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Bucking the Brown Shooter trend

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Bucking the Brown Shooter trend

How Borderlands found its feet as a colorful Space Western.

Arjan Terpstra

16 Mar 2020 ⋅ 5 min read

Few games can boast an art style that’s so colorful and instantly recognizable as Borderlands games have. The Gearbox titles that first launched in 2009 re-defined what first person action-adventure games could look like: bright and highly colorful with a cartoon-ish look and feel.

Instant recognition in the games market is quite the accomplishment. It also almost never happened. As mentioned in a Game Developers Conference talk called Behind Borderlands’ 11th-hour Style Change, Borderlands was destined to be yet another ‘brown shooter’. Only in the very last stages of production did Gearbox decide on the drastic artistic overhaul that gave us the art style we know and love.

Near-future realism
Before Borderlands’ bucked the trend of ‘realistic’ (and often drab) shooters, its art style was summarised in a presentation sheet. It showed eight individual concept images: realistic-looking, ‘near-future’-type soldiers, vehicles and weapons; a couple of desolate-looking, drab environments; and one lonely, critter-y animal. The presentation bore the words ‘realistic - retro - mechanical - serious - gritty - fantastic’, as keystones for Gearbox’ art department. This art direction was backed by a backstory of a desolate planet with hidden vaults, and gameplay that combined first person shooter action with RPG elements.
Borderlands presentation material

In time, this combination would lead to a game that checked all the boxes on the style sheet, but somehow could not deliver. Early trailers showed the public a gritty, dark game world full of fantastic critters and guns, but - especially in hindsight - nothing recommendable in terms of looks. Early game testers responded lukewarm: they compared Borderlands to recent titles like Fallout 3 and Rage, and not in favor of the former. Internal unrest grew at Gearbox, where staff were getting anxious about the difference between the ‘game feel’ and the gritty look. Gameplay was over-the-top and whimsical, while the art style was as joyless as it was realistic. In short: it was hard to see how these two would add up.

Turning heads
Something had to give, Gearbox understood, and starting from scratch was not an option - recouping the funds already spent on development would be impossible. Chief creative officer Brian Martel decided the only way was up. To stand a fighting chance in the Triple A shooter market, Borderlands needed to stand out from the crowd. Going through old concept drawings used in early development, he hit on a range of sketches in a graphical quasi-comic-book style, defined by black ‘inked’ outlines and exaggerated body proportions. This could turn heads, Martel thought, and the studio agreed.
Borderlands concept art
From this moment on, things finally started to gel. The new art style was better suited to match the quirky gameplay. It also allowed for incorporating more fun ideas in every department. Serious and realistic stuff went out the window and got replaced by things geared towards the fantastical. No longer a gloomy space opera, Borderlands found its feet as an oddball space western where cowboy revolvers exist next to futuristic space blasters, and where goofy gameplay (healing bullets!) is the main feature, not the sideshow.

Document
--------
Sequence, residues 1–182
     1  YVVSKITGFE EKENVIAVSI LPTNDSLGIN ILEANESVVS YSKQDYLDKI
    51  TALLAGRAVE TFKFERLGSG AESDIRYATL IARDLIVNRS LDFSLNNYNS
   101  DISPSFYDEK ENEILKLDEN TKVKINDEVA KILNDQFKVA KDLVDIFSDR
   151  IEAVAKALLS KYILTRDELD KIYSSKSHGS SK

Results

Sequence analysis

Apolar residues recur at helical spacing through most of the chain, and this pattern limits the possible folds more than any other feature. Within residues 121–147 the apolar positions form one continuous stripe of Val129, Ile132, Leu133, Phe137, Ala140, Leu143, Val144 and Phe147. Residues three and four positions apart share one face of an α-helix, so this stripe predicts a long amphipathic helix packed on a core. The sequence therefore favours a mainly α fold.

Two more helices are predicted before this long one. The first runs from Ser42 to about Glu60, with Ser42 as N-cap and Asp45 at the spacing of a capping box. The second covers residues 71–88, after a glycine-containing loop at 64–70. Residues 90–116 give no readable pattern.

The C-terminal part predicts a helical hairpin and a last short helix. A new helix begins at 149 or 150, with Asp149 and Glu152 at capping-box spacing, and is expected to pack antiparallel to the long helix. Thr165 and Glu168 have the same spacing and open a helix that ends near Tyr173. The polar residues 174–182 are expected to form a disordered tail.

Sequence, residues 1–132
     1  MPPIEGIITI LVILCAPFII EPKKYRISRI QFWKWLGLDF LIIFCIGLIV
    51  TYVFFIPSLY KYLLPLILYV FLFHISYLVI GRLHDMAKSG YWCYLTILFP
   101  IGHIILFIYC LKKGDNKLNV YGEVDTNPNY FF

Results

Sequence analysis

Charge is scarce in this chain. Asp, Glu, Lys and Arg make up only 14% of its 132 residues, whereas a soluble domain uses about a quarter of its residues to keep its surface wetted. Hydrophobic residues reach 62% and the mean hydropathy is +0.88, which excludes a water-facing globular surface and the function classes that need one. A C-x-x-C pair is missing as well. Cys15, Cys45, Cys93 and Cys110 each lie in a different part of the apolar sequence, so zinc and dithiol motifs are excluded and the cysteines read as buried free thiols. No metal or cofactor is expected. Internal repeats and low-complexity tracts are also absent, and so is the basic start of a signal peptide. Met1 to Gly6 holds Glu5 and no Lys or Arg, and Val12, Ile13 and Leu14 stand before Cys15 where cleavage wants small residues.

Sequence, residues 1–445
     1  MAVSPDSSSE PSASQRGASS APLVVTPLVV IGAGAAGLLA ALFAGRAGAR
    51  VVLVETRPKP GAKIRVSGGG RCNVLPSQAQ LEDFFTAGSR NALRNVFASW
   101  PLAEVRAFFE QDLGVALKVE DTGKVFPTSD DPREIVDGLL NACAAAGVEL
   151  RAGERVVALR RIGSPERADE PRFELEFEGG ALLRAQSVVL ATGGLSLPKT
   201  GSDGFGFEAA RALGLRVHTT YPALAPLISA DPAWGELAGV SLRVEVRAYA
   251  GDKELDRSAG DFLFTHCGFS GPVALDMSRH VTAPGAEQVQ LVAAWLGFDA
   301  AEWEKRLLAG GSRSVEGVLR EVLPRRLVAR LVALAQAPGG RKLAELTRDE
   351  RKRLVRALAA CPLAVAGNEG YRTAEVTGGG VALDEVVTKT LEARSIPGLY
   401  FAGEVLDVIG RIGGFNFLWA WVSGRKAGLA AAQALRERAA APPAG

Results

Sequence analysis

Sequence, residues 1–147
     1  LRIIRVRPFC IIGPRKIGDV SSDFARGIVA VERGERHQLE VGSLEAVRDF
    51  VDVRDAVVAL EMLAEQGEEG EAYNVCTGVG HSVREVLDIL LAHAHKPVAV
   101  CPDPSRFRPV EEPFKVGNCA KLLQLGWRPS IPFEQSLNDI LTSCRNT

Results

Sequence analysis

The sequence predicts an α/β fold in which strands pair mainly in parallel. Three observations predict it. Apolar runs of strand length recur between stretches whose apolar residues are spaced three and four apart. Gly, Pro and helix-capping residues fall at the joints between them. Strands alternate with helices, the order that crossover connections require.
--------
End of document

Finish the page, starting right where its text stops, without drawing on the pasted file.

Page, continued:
Cross-hatching
In the end, the ‘Borderlands style’ became synonymous with ‘cartoon style 3D games’. It’s not hard to see why. Black ink outlines, hallmarks of (two dimensional) cartoons and graphic novels, were never a part of 3D video games before Gearbox implemented them - why would three dimensional models of characters, animals or vehicles have an outline? Same with cross-hatching: why would 3D games, where shadows are a logical extension of the in-game lighting, need cross-hatching for those shadowy parts? The answer is simply: because Gearbox adapted a 2D art style for a 3D game, forcing (digital) drawing tools to behave like pens on paper would, and using photoshop workarounds and hand-drawn lines to embellish models and textures.
Borderlands concept art
This adaptation leaves many an art lover riddled. Time and again, pundits call Borderlands’ style ‘cel-shaded’, because the colors look like they do in classic 2D cel-shaded animation and have outlines. An honest mistake, but something that downplays the brilliance of Gearbox’s approach to color saturation - they keep on correcting the mistake on social media, as it is clearly a point of pride. The explanation is a bit technical (watch this tutorial if you want to know the full details) but revolves around dialed back textures (skins, clothing and such), leaving objects with (almost) monochrome surfaces, which are used as a basis for (hand-drawn) black accents, cross-hatches and outlines.

Appeal
The rest, as they say, is art history. Borderlands’ vault hunters came back for more in Borderlands 2 (2012), The Pre-Sequel (2014), Borderlands 3 (2019) and various spin-off games, excited to enjoy the dramatic absurdities of vault-hunting over and over again. Art-wise, Gearbox doubled down on the style over the years, finding new ways of expression within the style’s limits, in games as confident about themselves as they are colorful.
Borderlands concept art